Kigali forum discusses keys to unlocking Africa’s economic potential
March 18, 2016
ATF 2016 closes by launching innovative Coalition for African Transformation
(Matthew Rees, Richard Sezibera, Richard Newfarmer and Eveline Herfkens (from left to right) at the ATF 2016 breakout session on “Facilitating Trade and Regional Integration”)
ACCRA, Ghana, 18 March 2016, -/African Media Agency (AMA)/- The African Transformation Forum (ATF), held from 14-15th March in Kigali, Rwanda, concluded with the official launch of The Coalition for Transformation in Africa – a network of experts working across sectors and borders to drive policy and institutional reforms.
The ATF was organised by the African Center for Economic Transformation (ACET) and the Government of Rwanda.
Explaining the concept behind the Coalition for Transformation in Africa, K.Y. Amoako, president of ACET said it would comprise like-minded public and private sector individuals organised in chapters, each focussed on specific issues raised during the Forum. Chapters would continue to meet and work beyond the Forum and would report back at subsequent forums.
Earlier, the ATF welcomed HE Paul Kagame, President of the Republic of Rwanda, who gave a detailed speech about how his small nation has led the way in forging a developmental state based around a strong economy and widespread participation from citizens.
The Forum also held interactive discussions on the continent’s vital sectors and ambitions – among them agriculture, trade and financial inclusion.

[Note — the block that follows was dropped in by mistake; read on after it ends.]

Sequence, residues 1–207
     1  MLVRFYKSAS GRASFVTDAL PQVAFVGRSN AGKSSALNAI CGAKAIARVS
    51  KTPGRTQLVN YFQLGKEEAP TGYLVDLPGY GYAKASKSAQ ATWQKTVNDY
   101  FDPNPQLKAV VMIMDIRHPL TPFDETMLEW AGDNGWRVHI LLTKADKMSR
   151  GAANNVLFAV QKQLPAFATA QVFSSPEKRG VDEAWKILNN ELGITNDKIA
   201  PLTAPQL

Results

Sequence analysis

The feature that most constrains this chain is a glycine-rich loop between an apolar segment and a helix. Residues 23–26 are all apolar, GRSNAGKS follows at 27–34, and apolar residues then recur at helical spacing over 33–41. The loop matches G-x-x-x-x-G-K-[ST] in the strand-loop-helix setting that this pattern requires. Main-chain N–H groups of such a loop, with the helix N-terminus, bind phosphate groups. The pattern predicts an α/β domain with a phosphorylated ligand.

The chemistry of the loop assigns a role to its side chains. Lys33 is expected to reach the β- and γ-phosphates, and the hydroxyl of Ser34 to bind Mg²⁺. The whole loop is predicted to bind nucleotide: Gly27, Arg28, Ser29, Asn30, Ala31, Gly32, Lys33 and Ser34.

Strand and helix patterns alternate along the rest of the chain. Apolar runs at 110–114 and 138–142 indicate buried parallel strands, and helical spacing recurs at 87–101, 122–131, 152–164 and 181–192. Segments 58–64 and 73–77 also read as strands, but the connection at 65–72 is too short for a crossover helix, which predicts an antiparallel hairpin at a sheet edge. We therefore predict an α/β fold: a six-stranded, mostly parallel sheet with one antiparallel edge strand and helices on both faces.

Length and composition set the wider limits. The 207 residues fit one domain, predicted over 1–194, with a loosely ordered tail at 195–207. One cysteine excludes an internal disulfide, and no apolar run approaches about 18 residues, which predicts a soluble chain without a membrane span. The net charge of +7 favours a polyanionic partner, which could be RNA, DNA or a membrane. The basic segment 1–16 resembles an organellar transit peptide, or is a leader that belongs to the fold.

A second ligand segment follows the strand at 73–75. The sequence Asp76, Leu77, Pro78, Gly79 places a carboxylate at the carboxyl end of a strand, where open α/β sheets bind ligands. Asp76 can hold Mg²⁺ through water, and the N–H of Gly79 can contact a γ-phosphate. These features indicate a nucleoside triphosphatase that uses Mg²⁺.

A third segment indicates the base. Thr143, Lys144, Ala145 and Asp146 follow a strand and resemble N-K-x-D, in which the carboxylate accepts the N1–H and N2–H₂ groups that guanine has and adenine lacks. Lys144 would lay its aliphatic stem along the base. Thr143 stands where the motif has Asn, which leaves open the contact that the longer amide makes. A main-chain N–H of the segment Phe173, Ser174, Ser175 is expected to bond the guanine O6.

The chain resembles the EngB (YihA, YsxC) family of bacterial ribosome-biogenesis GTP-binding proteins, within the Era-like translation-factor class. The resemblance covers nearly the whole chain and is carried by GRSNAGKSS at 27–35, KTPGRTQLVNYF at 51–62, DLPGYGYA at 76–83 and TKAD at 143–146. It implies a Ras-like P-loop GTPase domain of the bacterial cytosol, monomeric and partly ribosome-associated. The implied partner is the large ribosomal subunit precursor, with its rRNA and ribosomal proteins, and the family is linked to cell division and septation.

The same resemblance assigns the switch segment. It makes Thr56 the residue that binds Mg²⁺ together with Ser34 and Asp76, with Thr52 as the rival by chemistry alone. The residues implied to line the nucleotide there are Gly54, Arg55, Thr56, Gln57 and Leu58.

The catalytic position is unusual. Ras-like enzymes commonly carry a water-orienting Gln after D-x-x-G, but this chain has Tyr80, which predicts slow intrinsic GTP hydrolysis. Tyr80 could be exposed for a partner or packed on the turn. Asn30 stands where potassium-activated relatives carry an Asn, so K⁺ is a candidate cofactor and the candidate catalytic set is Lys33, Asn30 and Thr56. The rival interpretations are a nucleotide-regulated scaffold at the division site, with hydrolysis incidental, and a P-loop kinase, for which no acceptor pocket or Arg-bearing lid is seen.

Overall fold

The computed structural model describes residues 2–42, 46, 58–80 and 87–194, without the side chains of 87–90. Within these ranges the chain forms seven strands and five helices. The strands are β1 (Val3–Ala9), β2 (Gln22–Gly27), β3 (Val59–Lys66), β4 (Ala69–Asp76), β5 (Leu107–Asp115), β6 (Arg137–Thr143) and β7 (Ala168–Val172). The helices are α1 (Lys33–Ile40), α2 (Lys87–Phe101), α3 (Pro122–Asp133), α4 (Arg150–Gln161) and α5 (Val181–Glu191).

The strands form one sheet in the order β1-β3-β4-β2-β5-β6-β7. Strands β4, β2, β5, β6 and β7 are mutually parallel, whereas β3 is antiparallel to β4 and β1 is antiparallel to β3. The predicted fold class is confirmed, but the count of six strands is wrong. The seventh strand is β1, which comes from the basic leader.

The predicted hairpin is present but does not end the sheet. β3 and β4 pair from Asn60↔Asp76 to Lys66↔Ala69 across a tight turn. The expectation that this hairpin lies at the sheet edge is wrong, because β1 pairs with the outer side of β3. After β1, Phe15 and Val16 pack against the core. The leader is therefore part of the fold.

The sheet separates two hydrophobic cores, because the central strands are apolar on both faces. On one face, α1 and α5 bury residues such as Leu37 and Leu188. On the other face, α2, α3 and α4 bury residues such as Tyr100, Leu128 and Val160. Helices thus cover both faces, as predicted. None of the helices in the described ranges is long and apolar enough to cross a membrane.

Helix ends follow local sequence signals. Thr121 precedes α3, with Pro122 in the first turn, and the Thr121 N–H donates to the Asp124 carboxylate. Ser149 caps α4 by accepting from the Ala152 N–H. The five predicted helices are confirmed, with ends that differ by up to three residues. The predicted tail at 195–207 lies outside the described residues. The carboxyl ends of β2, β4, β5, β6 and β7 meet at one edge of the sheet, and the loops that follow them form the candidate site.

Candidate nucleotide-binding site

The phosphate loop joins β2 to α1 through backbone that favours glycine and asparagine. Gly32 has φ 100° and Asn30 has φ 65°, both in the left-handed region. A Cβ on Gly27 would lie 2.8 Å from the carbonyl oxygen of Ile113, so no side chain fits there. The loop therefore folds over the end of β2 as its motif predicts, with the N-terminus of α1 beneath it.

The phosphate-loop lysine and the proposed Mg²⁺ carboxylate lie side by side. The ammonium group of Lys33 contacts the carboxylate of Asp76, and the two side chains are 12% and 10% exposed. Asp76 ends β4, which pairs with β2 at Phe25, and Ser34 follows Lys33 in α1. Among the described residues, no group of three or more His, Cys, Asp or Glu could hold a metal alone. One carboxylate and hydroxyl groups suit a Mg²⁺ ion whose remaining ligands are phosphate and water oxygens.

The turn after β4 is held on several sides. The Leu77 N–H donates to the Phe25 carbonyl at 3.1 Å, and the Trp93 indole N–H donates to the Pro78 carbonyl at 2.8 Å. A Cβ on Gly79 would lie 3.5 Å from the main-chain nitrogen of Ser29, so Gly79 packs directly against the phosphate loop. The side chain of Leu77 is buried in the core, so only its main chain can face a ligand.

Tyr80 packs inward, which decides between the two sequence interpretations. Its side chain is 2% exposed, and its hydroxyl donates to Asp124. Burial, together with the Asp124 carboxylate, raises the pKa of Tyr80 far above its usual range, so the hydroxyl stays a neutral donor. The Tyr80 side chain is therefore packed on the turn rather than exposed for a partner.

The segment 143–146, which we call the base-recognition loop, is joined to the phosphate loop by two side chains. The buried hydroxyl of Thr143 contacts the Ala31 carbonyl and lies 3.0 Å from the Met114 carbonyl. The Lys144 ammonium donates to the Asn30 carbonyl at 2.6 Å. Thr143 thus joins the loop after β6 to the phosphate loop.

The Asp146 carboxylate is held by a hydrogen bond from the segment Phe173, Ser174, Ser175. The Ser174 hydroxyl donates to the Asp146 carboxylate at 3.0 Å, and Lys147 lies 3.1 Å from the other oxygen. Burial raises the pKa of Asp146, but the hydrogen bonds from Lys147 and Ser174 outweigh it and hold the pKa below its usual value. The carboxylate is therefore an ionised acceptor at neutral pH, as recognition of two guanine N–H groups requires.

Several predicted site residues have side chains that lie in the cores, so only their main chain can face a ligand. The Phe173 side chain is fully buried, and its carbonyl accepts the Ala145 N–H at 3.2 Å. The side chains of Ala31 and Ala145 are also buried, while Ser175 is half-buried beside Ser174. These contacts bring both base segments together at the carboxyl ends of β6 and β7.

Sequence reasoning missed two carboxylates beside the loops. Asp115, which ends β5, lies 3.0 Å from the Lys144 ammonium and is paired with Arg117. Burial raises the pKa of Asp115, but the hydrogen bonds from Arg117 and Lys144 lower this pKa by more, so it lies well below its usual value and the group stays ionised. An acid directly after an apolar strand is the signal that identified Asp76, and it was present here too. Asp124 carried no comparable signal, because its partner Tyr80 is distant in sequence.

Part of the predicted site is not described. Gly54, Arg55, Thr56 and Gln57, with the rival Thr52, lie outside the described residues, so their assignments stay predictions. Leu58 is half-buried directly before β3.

Dede Amanor Wilks, a development specialist currently consulting with the UN’s Economic Commission for Africa (ECA), was applauded for a strong speech arguing that women hold the key to a green revolution in Africa.
(Amolo Ng’weno, East Africa Regional Director of Bankable Frontier Associates speaking at the ATF 2016 breakout session on “Promoting Financial Inclusion”)
Wilks argued that “economic transformation begins with agricultural transformation” for Africa’s women. Far more must be done by governments to better the lot of their female citizens if they want to encourage the broad- based transformation of rural communities, she urged.
“The greatest obstacle to the role women can play in transforming African agriculture lies in political will,” she said.
One solution put forward by the panel was the creation of female agricultural co-operatives. These would allow women to solve problems, encourage change and realize their economic independence in the largely male-dominated societies in Africa.
“Women’s cooperative movements can change the balance between men and women in agriculture. Cooperative societies can provide an institutional framework for women to solve many of their problems.”
Alemayehu Konde Koira, program manager for ‘Economic Opportunities for Youth’ at The MasterCard Foundation, said that young people also held the key to an agricultural transformation. He said that treating this sector as a business could help to encourage youngsters who were previously off by a sector seen as ‘dead-end’
“We were not looking at agriculture through the right lens. We were looking at agriculture as a developmental activity, like a social sector in which you manage poor people in rural areas. But agriculture is not a social sector. Agriculture is a business. Seed is a business, fertilizer is a business, storage, value added, logistics and transport – it is all about business.”
Enabling greater business participation was very much on the agenda during a passionate discussion on broadening citizens’ access to financial services. Panellists argued that Africa’s financial system must reach out to rural citizens if the continent’s economic transformation is to be truly inclusive.